It's hard to discuss this for me without repeatedly referring to the business side of things. It's the part I like least about software development in general, but urgh, I don't know. Aside from being completely idealistic about things (which, funnily enough, a lot of folks used to assume of me for simply having a positive opinion of developers), it's one of those Things that have a real impact, but just isn't really discussed or even acknowledged. Perhaps understandably so, because it can easily become a kind of catch-all "well that won't happen because of business". But hey. I'd take that over "the developers are content with a product I think is subpar" (not you, generalisation there).
     
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  10. Aristos

    Aristos Lightseeker

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    Funny that just today Strategy Gamer published an article comparing civ 4 to civ 6, and guess what the focus of the author is?

    https://www.strategygamer.com/articles/civilization-4-longevity/

    The title says so much...

     
    Last edited: Feb 13, 2019
  11. steveg700

    steveg700 Warlord

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    I think you'll find at least one or two posts in this thread that describes how many people play Civ merely as an exercise in efficiency. There's no assumption that they will actually lose, even on deity, so it just becomes either a matter of beating a personal best, or screwing around and playing with subsystems to see what fascinating new quirk can be uncovered.

    And that's good enough for them, which is all good and well. What's less palatable is the notion is that everyone else should stop persisting with the unreasonable expectation that the game's developers have the time and resources to develop their game. Or persist, but be consigned to a subforum (which is a passive-aggressive way of declaring a topic of discussion off-limits in the main forums).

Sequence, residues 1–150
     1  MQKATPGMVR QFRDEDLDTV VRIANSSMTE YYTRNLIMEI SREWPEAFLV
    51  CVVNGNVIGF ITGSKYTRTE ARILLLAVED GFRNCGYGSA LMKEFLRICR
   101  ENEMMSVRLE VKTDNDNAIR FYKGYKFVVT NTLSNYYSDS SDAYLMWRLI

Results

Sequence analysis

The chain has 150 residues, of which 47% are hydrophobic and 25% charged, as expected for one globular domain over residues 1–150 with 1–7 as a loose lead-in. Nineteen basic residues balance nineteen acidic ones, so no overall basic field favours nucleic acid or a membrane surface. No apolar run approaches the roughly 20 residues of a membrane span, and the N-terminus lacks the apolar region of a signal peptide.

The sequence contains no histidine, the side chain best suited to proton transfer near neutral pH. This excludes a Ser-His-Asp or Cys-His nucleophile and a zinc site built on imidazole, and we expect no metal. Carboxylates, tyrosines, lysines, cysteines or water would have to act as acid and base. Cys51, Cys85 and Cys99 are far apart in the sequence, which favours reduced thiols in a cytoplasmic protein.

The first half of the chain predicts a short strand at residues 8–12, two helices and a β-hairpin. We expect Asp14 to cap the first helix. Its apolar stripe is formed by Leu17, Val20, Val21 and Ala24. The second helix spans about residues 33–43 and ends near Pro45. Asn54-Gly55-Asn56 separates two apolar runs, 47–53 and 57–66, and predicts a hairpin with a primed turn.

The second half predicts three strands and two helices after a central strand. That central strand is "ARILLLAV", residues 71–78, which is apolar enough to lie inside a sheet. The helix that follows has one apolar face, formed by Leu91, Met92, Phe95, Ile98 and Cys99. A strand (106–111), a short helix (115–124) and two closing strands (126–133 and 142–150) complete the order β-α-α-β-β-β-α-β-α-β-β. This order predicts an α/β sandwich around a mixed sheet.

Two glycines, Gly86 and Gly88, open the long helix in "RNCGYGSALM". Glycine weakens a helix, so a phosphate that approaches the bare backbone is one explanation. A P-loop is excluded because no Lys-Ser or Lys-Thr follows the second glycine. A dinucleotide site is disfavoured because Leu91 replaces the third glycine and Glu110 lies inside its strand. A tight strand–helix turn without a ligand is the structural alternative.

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  12. ChocolateShake

    ChocolateShake Chieftain

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    It's an interesting article but I think he should mention the difficulty levels involved, he says he played against the standard Civ 6 AI, I would think of that as prince?

    He seems to play the same way I do, going light on military until it's needed, and I've certainly had the AI in Civ 6, as of Rise and Fall, succeed at attacks when I go too far (I tend to play from emperor to deity). When I made units cheaper and stretched out the eras, I get to see huge armies and navies. And if I want to make it more challenging, I can also play with immersive eras to force the AI to get all the relevant techs to stay up to date militarily.

    The AI definitely has an easier time just throwing together stacks of doom. No need to worry about terrain and positioning reduces the tactical complexity a lot. And cities actually had to be protected rather than getting a free strike. I don't like the development of cities that can defend themselves from Civ 5.

    I much preferred Civ 3's combat to 4's actually. My impression of the AI's combat ability in Civ 6 is that it's decent, but could use more bonuses to help it get around the challenge of the human's ability to exploit ranged attacks, placement and terrain.
     
    Last edited: Feb 13, 2019
  13. steveg700

    steveg700 Warlord

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    True, the preservation of Civ's traditional victory conditions does Civ no great service in terms of encouraging a variety of strategies. I would think that it might be better served with the "grand strategy" approach of just setting up a bunch of smaller, focused goals or "quests" to accomplish.
     
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  14. Casworon

    Casworon Chieftain

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    I also strongly agree. A victory point method would work much better i think. Where there would be numerous ways to build up victory points throughout the game. Allowing you to focus on different elements of the game at different time periods. Perhaps building a wonder at one point. Capturing a neighbors capital another. Or focusing on scientific discovery later. All going into a victory point pool that will then win the game